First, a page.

Orc characters may not be new to the Daz store, but we’ve never had orcs created by an artist from the revered The Lord of the Rings franchise. Now, we do.
About Grugmar and Norba HD
Steven, your male and female orc figures are amazing. Tell us about your process in bringing these iconic fantasy creatures to Daz.
When I started to talk to the team at Daz, I made the orc as a test to familiarise myself with Daz Studio. I used the shaping tools and deformation sliders to get my basic shapes and developed the character further in ZBrush. They liked him so much that he became one of my first characters.
There are so many orc styles now, so what key features make these ones unique?
I have designed and modeled orcs before for some pretty well-known franchises. For Daz, I tried to combine my sensibilities with an interpretation of what I think a Daz orc could be.
I call him Handsome Orc, I tried to style him as a runway model but still retain some of those brutish features we like to see in orcs. The female character was a fun adaptation with the same approach directly developed from the male counterpart.
Anyone who looks at these characters will definitely agree that Handsome Orc is the perfect nickname. What was the easiest part of creating the products, and what was the most challenging?
Daz is an incredibly versatile program, with shaping, rigging, and rendering all possible in one place. I had used Daz before in blocking out poses and dimensions for collectible statues, but never to the level I went to with these orcs. There was a lot to learn.
From Physical to Digital Sculpting
You’ve had an incredible artistic journey, spanning an array of mediums. Tell us about your career and how you got into this industry.
I started working in film and public art sculpture around 2003 in Cape Town, South Africa. I was always interested in getting involved with a fairly wide range of creative fabrication fields. Over the last 20 years, I have worked as a props fabricator, sculptor, makeup artist, designer, Art Director, and miniatures fx modelmaker.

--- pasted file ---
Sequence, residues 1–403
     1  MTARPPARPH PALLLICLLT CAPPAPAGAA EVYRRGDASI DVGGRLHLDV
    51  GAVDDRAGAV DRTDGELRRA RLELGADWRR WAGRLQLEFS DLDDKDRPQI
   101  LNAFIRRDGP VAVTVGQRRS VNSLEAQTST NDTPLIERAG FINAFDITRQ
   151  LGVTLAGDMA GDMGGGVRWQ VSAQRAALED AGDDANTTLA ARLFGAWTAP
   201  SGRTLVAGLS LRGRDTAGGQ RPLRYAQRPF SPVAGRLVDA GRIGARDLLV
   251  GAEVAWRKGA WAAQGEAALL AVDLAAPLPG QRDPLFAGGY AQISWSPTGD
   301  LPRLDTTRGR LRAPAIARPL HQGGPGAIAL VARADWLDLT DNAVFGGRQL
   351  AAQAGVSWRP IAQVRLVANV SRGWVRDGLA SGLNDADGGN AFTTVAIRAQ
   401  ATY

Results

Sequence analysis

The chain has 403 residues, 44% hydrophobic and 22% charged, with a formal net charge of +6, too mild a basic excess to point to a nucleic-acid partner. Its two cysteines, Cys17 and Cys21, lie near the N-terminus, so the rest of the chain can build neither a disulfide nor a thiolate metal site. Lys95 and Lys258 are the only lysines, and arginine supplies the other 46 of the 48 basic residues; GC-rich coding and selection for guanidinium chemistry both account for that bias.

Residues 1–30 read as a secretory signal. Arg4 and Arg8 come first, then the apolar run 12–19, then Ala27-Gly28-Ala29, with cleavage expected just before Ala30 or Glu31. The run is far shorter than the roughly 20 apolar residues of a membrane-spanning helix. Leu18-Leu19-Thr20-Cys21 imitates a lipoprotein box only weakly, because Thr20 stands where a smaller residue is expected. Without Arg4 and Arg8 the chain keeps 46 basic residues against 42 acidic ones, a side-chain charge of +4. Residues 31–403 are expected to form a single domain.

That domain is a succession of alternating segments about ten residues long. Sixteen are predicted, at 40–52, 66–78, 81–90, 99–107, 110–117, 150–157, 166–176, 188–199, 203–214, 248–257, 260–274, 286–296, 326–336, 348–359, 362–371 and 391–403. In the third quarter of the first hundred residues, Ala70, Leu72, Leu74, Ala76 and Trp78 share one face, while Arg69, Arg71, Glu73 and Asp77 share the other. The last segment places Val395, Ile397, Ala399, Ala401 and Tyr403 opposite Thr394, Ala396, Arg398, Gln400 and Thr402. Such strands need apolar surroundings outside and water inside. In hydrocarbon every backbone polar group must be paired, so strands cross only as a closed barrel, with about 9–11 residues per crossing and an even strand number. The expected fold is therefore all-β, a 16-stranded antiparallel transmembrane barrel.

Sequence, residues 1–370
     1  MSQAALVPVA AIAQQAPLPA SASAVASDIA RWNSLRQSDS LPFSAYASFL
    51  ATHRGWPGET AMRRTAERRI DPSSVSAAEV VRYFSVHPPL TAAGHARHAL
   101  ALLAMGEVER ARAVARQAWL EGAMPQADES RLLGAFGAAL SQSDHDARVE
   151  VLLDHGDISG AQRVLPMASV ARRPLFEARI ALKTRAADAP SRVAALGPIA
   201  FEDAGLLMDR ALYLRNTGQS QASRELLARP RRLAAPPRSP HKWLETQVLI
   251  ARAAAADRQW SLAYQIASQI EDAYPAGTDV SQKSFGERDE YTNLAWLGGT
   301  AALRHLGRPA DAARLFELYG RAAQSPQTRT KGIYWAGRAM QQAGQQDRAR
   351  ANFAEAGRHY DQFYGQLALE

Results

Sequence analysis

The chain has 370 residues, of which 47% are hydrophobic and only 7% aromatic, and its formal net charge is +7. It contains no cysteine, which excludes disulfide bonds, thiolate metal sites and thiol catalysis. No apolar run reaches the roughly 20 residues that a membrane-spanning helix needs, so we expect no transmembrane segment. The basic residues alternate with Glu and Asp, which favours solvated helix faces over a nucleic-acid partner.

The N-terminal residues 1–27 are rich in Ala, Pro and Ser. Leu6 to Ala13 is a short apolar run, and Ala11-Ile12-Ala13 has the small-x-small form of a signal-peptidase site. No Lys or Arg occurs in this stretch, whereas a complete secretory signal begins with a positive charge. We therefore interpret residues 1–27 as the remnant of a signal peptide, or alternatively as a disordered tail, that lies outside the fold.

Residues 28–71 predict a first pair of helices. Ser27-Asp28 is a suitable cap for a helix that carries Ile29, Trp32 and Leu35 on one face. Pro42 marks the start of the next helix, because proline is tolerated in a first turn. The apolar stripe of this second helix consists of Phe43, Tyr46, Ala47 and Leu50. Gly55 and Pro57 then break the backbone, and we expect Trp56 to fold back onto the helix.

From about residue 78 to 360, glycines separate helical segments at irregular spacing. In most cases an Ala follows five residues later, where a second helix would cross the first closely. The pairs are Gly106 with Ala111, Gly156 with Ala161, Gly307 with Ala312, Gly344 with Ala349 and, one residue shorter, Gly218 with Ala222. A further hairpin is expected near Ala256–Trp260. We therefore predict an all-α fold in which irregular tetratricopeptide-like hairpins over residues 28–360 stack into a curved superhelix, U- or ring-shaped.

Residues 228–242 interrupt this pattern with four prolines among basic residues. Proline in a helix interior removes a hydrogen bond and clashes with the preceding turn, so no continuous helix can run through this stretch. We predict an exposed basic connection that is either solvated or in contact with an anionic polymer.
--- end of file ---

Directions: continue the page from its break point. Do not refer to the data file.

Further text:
Around five years ago, I started retraining from a traditional sculptor and model maker to going primarily digital.
Many of us are huge fans of the world of The Lord of the Rings. Can you tell us more about your experience with the franchise?
The Fellowship of The Ring came out right at the time I started film school, and I was blown away by the worldbuilding. I simply knew I wanted to work on projects that good! I just took it literally, so when the opportunity came up to work on The Hobbit films, I was there in a flash.
Since then, I have continued to work on the franchise through collectible statues and the recent Rings of Power series.
That’s so cool. And where else can we see your artwork?
Oh yes, here are a couple of places. Artstation is my main professional portfolio, and then on Instagram, I tend to post a lot of experimental little projects and some behind the scenes from my film work.
Behind the Art
Steven, we’re inspired by your work. But we also know that there’s a real person behind the art. When you were younger, what did you want to be when you grew up?
I recall seeing E.T. very young and thinking about how much I believed E.T. was real despite knowing he is a puppet. It then occurred to me that it was someone’s job to make him, and I knew I wanted to do that for a living.
What do you like to do in your free time?
I like what I do so much that I don’t really need hobbies. This can be dangerous, as I will spend too much time in the office or the workshop, so I am trying to do some gardening and exploratory walks at least once a day.
Literally living the dream! What’s your favorite travel destination?
I travel between New Zealand and Cape Town fairly often, so I don’t get to the rest of the world as much as I would like. The mountains in both these countries are pretty epic though.
That sounds incredible. Steven, thanks so much for talking with us, and we look forward to seeing what you do next!